Wednesday, 3 July 2019

Questions (111)

Brendan Smith

Question:

111. Deputy Brendan Smith asked the Minister for Finance if consideration will be given to issues raised by organisations (details supplied) in relation to illicit trade and cross-Border smuggling, substantial financial loss to the Exchequer, serious difficulties created for small and medium enterprises; and if he will make a statement on the matter. [28372/19]

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Written answers (Question to Finance)

The threat that fuel fraud and the illicit tobacco trade pose to legitimate business, to consumers and the Exchequer is clear and I am assured by Revenue that combating such criminality continues to be a priority for them.

Steps taken by Revenue to combat the illegal fuel trade include the introduction of stringent supply chain controls and reporting requirements, and a rigorous programme of enforcement action. In addition, Revenue and the UK Revenue and Customs undertook a joint initiative to introduce a new marker for use in marked fuels, which came into operation from April 2015. Revenue have also conducted random National Sampling Programmes in the years 2016 to 2019, to assess the extent of fuel laundering. The industry view is that the actions taken have been successful in curtailing fuel fraud and the results of Revenue’s sampling programmes support this view.

With regard to solid fuel, I indicated in a recent PQ response that I am advised that Revenue is in contact at present with the Department of Communications, Climate Action and Environment to discuss the effectiveness of the regulatory regime for solid fuel, for which that Department has responsibility, and to explore how Revenue could support the Department to improve matters in light of continuing concerns that solid fuel sourced from Northern Ireland is getting onto the market here. I understand that contacts are ongoing with a view to undertaking a number of joint operations and to explore the scope for follow up action by Revenue in relation to persons found to be in breach of environmental regulations.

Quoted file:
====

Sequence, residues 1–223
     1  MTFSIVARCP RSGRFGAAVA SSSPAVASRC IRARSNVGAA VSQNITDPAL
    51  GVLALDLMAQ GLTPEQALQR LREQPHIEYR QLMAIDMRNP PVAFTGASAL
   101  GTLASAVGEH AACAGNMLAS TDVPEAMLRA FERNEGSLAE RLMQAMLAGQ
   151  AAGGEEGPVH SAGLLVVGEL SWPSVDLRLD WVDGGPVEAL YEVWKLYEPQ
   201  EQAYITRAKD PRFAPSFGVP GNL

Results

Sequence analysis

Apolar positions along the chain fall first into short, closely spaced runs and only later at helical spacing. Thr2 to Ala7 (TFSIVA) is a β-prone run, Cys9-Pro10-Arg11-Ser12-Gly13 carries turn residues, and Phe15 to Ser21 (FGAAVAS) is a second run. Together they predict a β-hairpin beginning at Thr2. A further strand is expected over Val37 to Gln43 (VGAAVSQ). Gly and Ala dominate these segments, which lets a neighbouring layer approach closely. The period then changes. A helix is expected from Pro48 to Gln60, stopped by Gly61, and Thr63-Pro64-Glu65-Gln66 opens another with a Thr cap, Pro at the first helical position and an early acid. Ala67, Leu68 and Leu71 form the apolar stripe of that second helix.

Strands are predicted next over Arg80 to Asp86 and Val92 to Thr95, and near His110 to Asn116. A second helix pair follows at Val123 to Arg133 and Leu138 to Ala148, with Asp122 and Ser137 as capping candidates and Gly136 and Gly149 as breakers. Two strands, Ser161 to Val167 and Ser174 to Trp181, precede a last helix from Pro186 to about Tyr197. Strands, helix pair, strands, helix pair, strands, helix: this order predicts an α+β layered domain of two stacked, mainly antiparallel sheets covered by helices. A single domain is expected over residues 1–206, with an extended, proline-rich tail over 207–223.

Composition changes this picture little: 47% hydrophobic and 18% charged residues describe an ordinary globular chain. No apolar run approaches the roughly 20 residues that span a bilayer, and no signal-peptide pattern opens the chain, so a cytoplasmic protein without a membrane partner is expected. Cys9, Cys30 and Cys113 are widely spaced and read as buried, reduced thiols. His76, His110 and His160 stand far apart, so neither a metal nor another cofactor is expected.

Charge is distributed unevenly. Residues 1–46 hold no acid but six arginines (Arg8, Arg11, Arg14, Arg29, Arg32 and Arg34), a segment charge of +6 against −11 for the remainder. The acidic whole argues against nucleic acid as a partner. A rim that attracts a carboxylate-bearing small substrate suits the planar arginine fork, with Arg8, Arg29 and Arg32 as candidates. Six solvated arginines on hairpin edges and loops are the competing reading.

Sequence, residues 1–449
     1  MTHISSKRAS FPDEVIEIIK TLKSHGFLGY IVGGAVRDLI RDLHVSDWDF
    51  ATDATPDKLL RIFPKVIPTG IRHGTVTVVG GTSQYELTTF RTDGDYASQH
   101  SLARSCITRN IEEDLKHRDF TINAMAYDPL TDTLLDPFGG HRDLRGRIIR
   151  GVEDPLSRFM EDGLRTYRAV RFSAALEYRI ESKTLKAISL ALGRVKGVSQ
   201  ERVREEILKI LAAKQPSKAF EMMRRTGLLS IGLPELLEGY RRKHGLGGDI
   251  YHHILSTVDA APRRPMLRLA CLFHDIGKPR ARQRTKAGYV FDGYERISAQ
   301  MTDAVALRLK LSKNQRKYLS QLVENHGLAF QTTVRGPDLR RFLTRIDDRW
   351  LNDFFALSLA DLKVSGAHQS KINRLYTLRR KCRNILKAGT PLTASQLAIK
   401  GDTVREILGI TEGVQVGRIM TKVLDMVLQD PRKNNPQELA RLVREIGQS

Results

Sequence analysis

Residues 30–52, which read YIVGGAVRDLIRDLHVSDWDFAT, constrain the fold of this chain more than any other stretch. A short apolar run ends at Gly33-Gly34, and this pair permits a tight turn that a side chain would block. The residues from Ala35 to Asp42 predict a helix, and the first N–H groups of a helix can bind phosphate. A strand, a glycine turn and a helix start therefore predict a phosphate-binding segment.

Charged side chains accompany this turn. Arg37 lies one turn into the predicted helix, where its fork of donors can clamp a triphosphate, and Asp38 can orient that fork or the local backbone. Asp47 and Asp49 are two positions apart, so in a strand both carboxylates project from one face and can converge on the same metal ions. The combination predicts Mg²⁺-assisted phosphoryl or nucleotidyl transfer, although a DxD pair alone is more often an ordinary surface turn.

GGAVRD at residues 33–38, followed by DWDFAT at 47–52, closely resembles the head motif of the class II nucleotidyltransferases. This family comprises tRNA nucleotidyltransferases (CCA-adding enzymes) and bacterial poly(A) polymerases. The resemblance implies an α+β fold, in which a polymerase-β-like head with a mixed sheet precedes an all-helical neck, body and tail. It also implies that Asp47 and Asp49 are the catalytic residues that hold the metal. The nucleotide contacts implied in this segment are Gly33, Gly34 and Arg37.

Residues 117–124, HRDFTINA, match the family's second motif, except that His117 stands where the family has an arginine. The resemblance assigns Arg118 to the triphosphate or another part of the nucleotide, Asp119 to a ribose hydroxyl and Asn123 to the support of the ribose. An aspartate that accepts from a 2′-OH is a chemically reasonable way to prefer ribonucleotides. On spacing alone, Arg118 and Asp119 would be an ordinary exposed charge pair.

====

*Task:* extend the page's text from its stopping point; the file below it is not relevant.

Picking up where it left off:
Revenue acts against all aspects of the illegal tobacco trade, and uses a combination of risk analysis, profiling and intelligence, and risk-based screening of cargo, vehicles, baggage and postal packages to intercept illicit products. Action after importation includes checks at retail outlets, markets and private and commercial premises.

Revenue and An Garda Síochána collaborate closely in acting against fuel and tobacco crime, and also cooperate closely with their counterparts in Northern Ireland, in the framework of the North-South Joint Agency Task Force. This cooperation plays a key role in targeting the organised crime groups responsible for much of this criminality, who operate across jurisdictions. Recent successes include the detection of an illegal cigarette factory in Jenkinstown, Co. Louth, in March 2018, as well as the detection of a second cigarette factory in Knockbridge, Co. Louth, in March 2019.

I am satisfied that Revenue’s work against fuel fraud and the illicit tobacco trade has achieved a considerable level of success. For my part, I will fully consider any additional proposals for legislative change that may be brought forward by Revenue which would enhance its capacity to deal effectively with fraud and criminality in these areas.